Officers with the U.S. Forest Service are growing concerned with the increasing number of illegal trails in the Lake Tahoe area. Officer Heck notes, These are big trails with lots of jumps. It would be easy for a rider to get hurt on a trail that is too difficult for them. Earlier this year a mountain biker crashed on one such trail and had to be airlifted to a local hospital with spinal cord and head injuries. These trails are sometimes very difficult to get to for emergency vehicles and riders take the risk that they will not receive medical treatment in a timely manner.
Fines for creating an illegal trail can be up to $5,000 and six months in jail. The builders will also have to pay to repair the damage done to the forest. So far this season only three illegal trails have been decommissioned. Regulation takes money and it is taxpayer dollars that are paying to take down these illegal trails.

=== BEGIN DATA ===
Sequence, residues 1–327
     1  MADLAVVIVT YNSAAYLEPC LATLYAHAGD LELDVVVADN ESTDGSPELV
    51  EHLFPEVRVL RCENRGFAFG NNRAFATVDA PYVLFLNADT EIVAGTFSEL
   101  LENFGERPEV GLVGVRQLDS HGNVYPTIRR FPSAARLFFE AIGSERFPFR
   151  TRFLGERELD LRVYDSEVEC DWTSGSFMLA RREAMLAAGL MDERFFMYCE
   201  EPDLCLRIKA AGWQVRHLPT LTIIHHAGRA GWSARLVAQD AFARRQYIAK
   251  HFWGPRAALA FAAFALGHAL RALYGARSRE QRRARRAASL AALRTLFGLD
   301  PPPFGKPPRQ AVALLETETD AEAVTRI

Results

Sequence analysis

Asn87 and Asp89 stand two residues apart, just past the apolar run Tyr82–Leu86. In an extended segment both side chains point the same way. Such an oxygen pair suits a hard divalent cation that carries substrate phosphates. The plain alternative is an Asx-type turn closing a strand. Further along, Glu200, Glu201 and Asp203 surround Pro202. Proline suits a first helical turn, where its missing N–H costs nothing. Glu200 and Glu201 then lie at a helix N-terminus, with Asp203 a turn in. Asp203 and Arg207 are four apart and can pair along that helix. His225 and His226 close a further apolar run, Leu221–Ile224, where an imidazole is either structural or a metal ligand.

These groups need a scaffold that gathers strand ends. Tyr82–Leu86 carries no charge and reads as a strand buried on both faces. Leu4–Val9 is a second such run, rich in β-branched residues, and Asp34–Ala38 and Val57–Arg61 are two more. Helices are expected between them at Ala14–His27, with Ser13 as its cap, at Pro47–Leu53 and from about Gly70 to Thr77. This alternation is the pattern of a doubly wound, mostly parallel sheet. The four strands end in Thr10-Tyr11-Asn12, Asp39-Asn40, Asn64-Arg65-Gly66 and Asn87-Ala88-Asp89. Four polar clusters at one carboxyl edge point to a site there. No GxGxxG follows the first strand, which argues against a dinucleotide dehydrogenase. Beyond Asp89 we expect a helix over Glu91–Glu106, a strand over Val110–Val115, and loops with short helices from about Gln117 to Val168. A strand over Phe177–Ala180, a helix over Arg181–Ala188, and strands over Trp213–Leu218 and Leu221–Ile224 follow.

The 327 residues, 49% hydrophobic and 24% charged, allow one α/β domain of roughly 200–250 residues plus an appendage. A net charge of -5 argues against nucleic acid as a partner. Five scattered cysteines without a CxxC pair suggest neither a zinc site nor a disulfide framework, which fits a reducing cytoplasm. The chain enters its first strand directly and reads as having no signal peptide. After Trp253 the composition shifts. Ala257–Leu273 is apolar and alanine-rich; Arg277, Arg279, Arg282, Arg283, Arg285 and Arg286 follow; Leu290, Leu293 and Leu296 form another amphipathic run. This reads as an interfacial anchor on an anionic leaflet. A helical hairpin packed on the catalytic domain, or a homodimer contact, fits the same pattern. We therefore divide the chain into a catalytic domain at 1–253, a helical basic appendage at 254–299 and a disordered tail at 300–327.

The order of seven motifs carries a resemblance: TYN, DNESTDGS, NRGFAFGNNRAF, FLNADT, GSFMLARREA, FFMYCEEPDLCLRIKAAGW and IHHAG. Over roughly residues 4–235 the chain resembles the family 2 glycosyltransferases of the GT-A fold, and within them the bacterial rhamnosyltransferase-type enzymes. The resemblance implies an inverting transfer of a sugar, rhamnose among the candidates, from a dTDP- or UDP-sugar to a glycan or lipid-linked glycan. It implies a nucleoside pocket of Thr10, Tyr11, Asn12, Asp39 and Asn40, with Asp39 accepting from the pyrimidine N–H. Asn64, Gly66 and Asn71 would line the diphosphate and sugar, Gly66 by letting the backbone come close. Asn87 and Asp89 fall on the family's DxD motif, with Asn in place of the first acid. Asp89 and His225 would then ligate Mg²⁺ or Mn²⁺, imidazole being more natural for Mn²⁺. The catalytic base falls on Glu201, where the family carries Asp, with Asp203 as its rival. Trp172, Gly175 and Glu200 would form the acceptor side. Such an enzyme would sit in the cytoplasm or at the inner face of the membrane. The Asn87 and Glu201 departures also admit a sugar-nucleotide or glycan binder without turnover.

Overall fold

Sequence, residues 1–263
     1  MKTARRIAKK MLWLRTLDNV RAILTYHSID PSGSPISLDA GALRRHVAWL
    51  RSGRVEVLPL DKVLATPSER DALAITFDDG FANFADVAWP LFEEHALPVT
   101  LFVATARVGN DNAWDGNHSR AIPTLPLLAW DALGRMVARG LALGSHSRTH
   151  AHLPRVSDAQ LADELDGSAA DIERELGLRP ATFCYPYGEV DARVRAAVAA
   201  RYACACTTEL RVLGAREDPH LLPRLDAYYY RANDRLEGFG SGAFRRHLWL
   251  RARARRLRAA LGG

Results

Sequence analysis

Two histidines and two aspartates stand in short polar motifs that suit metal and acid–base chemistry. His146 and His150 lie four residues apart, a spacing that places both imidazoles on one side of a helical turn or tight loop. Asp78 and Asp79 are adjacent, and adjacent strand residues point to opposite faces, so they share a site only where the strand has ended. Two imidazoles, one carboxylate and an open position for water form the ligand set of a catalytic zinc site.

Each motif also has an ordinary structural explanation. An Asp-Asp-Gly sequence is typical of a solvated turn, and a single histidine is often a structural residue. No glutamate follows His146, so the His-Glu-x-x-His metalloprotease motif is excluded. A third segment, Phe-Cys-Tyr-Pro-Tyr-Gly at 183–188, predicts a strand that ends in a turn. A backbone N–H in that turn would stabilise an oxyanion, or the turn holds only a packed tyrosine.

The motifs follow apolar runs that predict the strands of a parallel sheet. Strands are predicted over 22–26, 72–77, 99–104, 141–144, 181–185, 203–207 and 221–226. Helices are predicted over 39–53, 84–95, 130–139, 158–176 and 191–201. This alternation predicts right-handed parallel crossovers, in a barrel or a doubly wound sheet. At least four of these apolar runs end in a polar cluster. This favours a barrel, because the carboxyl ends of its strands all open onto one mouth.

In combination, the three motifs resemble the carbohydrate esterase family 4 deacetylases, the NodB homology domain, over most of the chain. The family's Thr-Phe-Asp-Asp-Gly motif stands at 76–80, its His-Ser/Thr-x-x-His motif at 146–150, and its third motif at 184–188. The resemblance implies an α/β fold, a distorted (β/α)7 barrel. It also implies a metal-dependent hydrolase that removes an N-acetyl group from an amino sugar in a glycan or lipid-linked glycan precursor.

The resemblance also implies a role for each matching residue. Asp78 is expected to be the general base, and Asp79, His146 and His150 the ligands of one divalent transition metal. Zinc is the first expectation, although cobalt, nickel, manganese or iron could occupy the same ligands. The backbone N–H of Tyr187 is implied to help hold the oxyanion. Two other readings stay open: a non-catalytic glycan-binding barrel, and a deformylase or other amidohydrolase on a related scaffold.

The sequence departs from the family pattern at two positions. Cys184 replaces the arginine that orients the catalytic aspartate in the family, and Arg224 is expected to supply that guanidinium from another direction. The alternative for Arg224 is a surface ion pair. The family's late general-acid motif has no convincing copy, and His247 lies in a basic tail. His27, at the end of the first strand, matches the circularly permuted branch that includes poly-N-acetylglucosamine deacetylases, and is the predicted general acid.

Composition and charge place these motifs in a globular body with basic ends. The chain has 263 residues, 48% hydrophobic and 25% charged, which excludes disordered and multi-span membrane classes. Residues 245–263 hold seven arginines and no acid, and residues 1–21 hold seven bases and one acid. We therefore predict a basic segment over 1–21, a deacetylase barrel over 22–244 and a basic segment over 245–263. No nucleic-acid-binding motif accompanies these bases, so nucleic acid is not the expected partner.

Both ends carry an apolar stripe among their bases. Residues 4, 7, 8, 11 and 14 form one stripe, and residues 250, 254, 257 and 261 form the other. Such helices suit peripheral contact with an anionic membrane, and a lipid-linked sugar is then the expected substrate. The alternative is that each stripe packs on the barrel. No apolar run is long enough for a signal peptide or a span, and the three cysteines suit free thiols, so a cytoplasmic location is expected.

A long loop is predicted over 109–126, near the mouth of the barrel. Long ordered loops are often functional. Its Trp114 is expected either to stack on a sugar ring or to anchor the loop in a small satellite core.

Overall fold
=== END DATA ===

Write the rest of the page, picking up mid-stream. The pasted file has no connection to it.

With great increases in technology and equipment, mountain bikers yearn to push themselves and their bikes to new limits. Mountain biking has become more popular in recent years and th level of activity this year especially is significant. It makes sense that people would choose to enjoy a relatively free activity in these tough times.
Biking can be a very enjoyable pastime, but it is also dangerous and can turn into a nightmare in no time. Just remember to consider the following:
1) The forest belongs to everybody.
2) The National Forest Service is looking out for your best interest and safety.
3) Illegal trails can get you hurt, cost taxpayers a lot of money, and damage the environment.
4) If you are caught building an illegal trail you can be fined and jailed.
5) Always wear a helmet! Hopefully one that is CSPC or DOT approved.
Monday, July 27, 2009
Who pays for these rescues, and does the state park system keep detailed data on the number and frequency of bike injuries and accidents for other state parks in this Marin district?